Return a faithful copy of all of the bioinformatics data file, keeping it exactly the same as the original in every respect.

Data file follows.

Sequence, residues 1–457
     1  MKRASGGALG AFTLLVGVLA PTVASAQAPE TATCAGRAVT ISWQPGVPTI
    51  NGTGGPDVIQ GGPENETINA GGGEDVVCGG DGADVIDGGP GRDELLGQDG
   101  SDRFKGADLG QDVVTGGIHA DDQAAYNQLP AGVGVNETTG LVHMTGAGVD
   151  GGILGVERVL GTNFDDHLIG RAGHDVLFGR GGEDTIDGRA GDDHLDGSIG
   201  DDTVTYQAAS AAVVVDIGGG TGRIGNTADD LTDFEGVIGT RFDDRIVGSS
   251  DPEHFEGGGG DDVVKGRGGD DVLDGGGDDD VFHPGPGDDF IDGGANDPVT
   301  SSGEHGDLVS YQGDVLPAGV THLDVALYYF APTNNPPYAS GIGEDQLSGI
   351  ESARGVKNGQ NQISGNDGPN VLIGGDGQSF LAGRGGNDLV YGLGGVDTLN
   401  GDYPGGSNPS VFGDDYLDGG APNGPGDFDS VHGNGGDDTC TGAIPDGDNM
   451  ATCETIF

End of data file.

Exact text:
Sequence, residues 1–457
     1  MKRASGGALG AFTLLVGVLA PTVASAQAPE TATCAGRAVT ISWQPGVPTI
    51  NGTGGPDVIQ GGPENETINA GGGEDVVCGG DGADVIDGGP GRDELLGQDG
   101  SDRFKGADLG QDVVTGGIHA DDQAAYNQLP AGVGVNETTG LVHMTGAGVD
   151  GGILGVERVL GTNFDDHLIG RAGHDVLFGR GGEDTIDGRA GDDHLDGSIG
   201  DDTVTYQAAS AAVVVDIGGG TGRIGNTADD LTDFEGVIGT RFDDRIVGSS
   251  DPEHFEGGGG DDVVKGRGGD DVLDGGGDDD VFHPGPGDDF IDGGANDPVT
   301  SSGEHGDLVS YQGDVLPAGV THLDVALYYF APTNNPPYAS GIGEDQLSGI
   351  ESARGVKNGQ NQISGNDGPN VLIGGDGQSF LAGRGGNDLV YGLGGVDTLN
   401  GDYPGGSNPS VFGDDYLDGG APNGPGDFDS VHGNGGDDTC TGAIPDGDNM
   451  ATCETIF